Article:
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Posted: July 22, 2003
Written By: Dan "Tweak Monkey" Kennedy
Supplied By: Compex
iWavePort WLU11A USB Network Adapter
An easy solution to networking a PC?
I used to be skeptical of USB network adapters. Perhaps it was because CPU utilization could be an issue, or because it just makes sense to install a device directly into a PC's case. However, With wireless, installing a network adapter inside a PC can hurt its signal strength. Even with an antenna that exits the back of the case, some signal is going to be lost. Also, if you ever want to swap the device, it requires removal of the side panel, a screwdriver, and shutting down the PC. Now the benfits of USB become very apparent...
USB wireless network adapters have grown on me considerably over the last few weeks, thanks to Compex's iWavePort WLU11A USB Network Adapter. One of the many PCs in my apartment was located in the opposite corner of my access point and router, and running a Cat5 cable to it was simply not an option. I had tried a few different devices with little success, so I had a pessimistic attitude toward the whole situation.
WLU11A 11Mbps Wireless USB LAN Adapter
Type: USB Wireless LAN Adapter
Industry Standard: IEEE802.11b
Frequency Band: 2.4GHz ISM
Frequency Technology: Direct Sequence Spread Spectrum (DSSS)
Media Access Method: CSMA/CA
Transmission Rate: 11Mbps
Supported Architecture: Infrastructure & AdHoc
WEP: 64 & 128 Bit
Configuration Utilities: Windows Software
Warranty: 3 Years
Combining wireless connectivity with USB convenience, Compex iWavePort WLU-11A delivers the industry-leading 11Mbps wireless LAN standard via the Universal Serial Bus (USB) for your wireless desktop clients. With selectable 64-bit or 128-bit private encryption, iWavePort WLU-11A ensures data privacy while transmitting over the 2.4GHz frequency band. Only the wireless clients configured with the same encryption key are able to retrieve the data from the open air iWavePort WLU-11A supports both type of wireless architectures as specified by IEEE 802.11, the AdHoc and the Infrastructure architecture. It can either be configured in a Peer-to-Peer environment (AdHoc) without the use of any Wireless Access Point, or to work in conjunction with a Wireless Access Point (Infrastructure).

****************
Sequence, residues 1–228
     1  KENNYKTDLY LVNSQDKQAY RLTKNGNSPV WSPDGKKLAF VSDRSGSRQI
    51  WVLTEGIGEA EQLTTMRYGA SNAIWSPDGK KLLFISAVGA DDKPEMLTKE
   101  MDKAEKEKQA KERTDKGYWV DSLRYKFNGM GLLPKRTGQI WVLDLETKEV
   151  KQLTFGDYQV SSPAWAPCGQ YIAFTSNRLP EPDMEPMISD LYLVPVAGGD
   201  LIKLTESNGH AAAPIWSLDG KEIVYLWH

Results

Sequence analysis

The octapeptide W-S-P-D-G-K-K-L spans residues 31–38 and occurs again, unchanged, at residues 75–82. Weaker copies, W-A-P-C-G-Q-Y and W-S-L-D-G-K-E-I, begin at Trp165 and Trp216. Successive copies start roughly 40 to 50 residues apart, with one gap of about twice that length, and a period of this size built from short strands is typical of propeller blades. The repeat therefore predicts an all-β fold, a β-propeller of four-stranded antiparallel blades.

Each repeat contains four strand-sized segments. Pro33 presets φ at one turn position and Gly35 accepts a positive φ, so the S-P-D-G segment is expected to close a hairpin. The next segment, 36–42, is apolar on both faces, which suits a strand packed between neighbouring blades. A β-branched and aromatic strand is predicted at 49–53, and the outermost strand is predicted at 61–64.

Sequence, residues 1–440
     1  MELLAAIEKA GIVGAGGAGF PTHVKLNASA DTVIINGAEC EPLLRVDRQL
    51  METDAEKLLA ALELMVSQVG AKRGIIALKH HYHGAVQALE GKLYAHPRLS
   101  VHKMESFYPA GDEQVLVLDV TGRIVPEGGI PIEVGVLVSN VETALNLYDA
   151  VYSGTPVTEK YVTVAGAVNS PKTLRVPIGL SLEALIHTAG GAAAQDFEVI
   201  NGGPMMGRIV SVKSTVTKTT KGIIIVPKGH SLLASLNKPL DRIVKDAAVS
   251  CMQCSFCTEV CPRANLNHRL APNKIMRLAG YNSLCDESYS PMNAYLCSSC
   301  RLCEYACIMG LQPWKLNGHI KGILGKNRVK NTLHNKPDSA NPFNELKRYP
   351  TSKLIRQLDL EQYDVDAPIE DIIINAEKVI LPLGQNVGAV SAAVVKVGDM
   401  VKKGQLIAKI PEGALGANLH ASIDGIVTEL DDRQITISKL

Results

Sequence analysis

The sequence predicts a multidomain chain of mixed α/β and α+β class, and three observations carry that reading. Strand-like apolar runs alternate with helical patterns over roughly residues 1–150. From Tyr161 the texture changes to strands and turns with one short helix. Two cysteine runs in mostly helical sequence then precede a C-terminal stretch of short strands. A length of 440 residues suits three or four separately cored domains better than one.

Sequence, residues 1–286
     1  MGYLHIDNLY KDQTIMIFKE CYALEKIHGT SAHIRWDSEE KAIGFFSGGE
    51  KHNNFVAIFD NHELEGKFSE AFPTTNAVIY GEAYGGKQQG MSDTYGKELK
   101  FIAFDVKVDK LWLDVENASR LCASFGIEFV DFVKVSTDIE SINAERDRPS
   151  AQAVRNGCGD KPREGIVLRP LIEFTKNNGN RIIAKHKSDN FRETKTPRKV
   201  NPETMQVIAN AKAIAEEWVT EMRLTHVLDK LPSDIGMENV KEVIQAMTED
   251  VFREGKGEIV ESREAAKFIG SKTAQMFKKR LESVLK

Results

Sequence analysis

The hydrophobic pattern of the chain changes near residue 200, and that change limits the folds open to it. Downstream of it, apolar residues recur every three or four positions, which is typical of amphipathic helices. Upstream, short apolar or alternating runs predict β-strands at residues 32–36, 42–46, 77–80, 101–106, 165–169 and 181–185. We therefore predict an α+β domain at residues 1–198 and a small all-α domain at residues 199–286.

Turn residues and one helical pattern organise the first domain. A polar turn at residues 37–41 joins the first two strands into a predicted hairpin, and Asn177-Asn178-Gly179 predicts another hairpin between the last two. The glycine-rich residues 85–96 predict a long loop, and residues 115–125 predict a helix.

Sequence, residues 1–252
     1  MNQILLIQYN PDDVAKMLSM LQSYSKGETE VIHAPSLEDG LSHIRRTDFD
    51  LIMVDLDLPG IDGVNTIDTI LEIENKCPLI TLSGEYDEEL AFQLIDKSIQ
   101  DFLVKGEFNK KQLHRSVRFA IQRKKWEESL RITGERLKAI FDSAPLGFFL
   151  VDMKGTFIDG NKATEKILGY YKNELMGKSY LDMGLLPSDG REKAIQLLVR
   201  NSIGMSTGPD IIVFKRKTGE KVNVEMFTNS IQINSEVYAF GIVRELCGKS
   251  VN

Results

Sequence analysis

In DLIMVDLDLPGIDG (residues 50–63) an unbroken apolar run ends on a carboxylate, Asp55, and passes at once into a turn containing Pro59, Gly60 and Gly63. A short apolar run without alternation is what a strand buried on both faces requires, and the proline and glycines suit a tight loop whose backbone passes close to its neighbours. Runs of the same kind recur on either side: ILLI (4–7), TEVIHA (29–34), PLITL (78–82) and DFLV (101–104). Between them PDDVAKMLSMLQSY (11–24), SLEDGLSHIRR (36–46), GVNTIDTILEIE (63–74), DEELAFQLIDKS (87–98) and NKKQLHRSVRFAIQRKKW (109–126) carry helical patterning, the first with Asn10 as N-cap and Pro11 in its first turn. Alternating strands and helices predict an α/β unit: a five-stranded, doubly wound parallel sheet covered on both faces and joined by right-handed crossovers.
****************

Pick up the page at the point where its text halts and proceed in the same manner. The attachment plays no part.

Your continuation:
Performance and Analysis
It's small, looks good and is well constructed.
Installation for this product was a breeze, as could be expected of most USB devices. I plugged the device into a USB slot at the rear of the case and when prompted by Windows, installed the drivers from the installation CD. It worked right off the bat with an excellent signal. A notebook was also an obvious choice for a USB adapter, but we assume most people would prefer the convenience of a PCMCIA card, so this device was installed on a desktop PC for testing.
The two-inch antenna was attached to the side of the adapter and could easily be raised for a better signal. The power and link LEDs ensured that all was going smoothly. In our case, there was always smooth-sailing. The little antenna did a great job and the signal strength was never anything less than 'Excellent'. Transfer rates were exceptional and the adapter has not shown a single problem yet.
The antenna is easily adjusted for optimal signal.
The adapter was installed on a PC that sees a ton of abuse, as it gets used by everyone that visits our apartment. It's sort of a guest computer for some of my friends, to keep them away from my main PCs and notebooks. It's an aging dual P2-333 system with some once high-priced ASUS motherboard, and loads of SCSI drives. It's pretty fast for an ancient Klamath P2 system, too, but it usually only sees e-mail, web browsing, and old games.
Considering what kind of wear and tear this PC sees and its decrepit motherboard, it's amazing that this device worked at all -- let alone as well as it did. The PC has been solid on our local network since the day we installed the device. It never gave up, even when the adapter was accidentally kicked off the case (three times now, maybe four?), or water was spilled on it (not recommended!). It used almost no CPU power, and performed very well. Packetloss in games was shown to be nearly 0%, and ping times and transfer rates were on par with the best wireless in the apartment, despite its location relative to the access point.
If you're looking for a very simple way to add 802.11b connectivity to your apartment or house, the WLU11A is a great solution offered at a generous price.
Overall Score: 9 / 10